Isotomics develops and uses cutting-edge analytical techniques to understand the patterns of abundance and distribution of isotopes in natural molecules. These measurements have application in a variety of fields, including biomedicine, chemical synthesis, forensics and petroleum exploration.
Our founding application is to measure the amount of excess 13C-2H “clumps” — two rare isotopes in the same molecule — in methane. This clumping, or nonrandom distribution, varies as a function of the temperature at which the molecule formed and equilibrated.
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John Eiler, Ph.D. is the Robert Sharp Professor of Geology and Geochemistry at Caltech. His research group first invented the concept of “clumped isotope thermometry” with application to carbonate minerals in the early 2000’s, launching a subdiscipline of geochemistry.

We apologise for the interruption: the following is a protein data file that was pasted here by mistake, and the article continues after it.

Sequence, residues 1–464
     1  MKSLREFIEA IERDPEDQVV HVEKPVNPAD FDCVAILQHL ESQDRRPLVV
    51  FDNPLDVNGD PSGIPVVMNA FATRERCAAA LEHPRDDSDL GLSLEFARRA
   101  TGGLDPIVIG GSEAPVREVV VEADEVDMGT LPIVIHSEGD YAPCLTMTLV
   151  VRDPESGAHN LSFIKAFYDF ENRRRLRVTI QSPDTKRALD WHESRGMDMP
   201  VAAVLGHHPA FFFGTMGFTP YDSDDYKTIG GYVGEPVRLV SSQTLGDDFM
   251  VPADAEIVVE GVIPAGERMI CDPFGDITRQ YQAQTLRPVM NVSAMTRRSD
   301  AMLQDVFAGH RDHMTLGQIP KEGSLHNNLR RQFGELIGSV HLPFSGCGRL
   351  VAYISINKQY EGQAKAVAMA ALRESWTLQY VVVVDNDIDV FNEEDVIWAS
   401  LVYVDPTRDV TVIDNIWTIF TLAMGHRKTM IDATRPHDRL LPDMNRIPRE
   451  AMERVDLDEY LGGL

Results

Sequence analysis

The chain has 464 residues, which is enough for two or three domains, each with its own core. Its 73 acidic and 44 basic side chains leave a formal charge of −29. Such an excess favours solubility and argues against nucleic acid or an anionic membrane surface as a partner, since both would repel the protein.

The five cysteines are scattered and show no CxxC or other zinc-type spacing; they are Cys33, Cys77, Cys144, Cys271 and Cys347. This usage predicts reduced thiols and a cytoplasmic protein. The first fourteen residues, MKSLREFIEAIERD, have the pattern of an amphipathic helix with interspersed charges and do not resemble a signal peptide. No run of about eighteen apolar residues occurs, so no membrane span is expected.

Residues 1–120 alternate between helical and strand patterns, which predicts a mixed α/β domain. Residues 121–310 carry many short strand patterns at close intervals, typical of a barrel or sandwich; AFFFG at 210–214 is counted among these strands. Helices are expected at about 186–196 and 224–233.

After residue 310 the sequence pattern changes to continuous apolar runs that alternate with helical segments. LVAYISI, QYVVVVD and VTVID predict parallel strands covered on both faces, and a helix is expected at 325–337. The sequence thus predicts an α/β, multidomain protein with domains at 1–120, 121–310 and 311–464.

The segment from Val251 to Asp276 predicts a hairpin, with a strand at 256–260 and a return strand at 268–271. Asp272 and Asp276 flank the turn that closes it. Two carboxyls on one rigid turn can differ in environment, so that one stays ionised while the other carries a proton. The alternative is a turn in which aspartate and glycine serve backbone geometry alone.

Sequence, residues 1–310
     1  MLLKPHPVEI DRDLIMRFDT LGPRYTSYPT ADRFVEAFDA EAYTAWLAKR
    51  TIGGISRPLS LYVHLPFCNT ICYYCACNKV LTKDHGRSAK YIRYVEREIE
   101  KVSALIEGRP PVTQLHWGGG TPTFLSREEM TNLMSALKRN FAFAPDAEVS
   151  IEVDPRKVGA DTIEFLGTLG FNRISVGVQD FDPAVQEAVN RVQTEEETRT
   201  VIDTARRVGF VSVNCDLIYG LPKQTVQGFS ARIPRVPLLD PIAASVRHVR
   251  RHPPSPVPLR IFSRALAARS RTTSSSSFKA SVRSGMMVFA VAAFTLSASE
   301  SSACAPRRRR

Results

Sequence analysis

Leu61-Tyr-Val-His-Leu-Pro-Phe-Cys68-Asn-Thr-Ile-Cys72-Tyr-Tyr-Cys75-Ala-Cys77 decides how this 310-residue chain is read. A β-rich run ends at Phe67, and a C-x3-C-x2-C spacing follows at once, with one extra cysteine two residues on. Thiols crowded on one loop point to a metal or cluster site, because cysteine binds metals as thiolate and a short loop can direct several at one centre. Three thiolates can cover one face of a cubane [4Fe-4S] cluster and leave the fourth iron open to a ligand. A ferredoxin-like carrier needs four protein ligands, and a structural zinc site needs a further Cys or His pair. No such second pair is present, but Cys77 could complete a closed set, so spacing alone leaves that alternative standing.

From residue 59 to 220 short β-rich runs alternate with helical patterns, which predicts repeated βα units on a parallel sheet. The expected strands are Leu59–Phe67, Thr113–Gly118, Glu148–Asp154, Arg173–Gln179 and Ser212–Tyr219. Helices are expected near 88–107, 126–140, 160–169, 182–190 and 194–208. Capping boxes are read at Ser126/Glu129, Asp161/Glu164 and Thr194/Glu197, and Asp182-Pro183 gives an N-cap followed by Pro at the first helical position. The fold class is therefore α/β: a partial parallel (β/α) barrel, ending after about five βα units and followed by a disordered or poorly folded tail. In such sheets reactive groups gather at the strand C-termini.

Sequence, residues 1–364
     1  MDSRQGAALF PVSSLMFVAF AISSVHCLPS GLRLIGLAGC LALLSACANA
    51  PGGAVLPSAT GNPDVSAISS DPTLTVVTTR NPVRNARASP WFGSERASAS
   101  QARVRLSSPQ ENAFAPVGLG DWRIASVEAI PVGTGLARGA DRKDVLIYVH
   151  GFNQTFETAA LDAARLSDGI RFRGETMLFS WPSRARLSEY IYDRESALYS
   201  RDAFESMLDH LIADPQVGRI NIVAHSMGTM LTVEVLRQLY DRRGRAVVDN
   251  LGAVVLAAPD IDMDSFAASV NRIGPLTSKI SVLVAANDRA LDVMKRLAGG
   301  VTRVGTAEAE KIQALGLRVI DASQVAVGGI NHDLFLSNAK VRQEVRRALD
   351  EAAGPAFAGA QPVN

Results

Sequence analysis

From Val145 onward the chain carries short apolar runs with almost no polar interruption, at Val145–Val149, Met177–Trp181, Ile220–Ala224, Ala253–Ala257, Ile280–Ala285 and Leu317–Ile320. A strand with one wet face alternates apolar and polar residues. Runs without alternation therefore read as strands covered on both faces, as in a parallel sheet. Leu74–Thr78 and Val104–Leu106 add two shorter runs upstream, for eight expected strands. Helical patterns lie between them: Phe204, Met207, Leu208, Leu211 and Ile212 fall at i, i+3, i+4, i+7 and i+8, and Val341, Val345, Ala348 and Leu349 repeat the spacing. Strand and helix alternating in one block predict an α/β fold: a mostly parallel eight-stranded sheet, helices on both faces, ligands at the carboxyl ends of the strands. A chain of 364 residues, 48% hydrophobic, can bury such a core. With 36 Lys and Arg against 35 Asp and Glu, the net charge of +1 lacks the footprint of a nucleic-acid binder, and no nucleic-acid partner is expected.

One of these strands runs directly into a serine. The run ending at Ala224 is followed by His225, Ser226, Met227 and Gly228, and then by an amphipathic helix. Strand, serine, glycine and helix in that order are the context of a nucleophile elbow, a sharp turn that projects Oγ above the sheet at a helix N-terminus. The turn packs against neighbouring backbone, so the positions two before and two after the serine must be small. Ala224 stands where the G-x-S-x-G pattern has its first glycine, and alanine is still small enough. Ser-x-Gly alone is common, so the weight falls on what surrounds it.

Alex Sessions, Ph.D. is a Professor of Geobiology and Geochemistry at Caltech since 2003. His specialty is the development and application of stable isotope measurements of organic molecules to biogeochemical studies.
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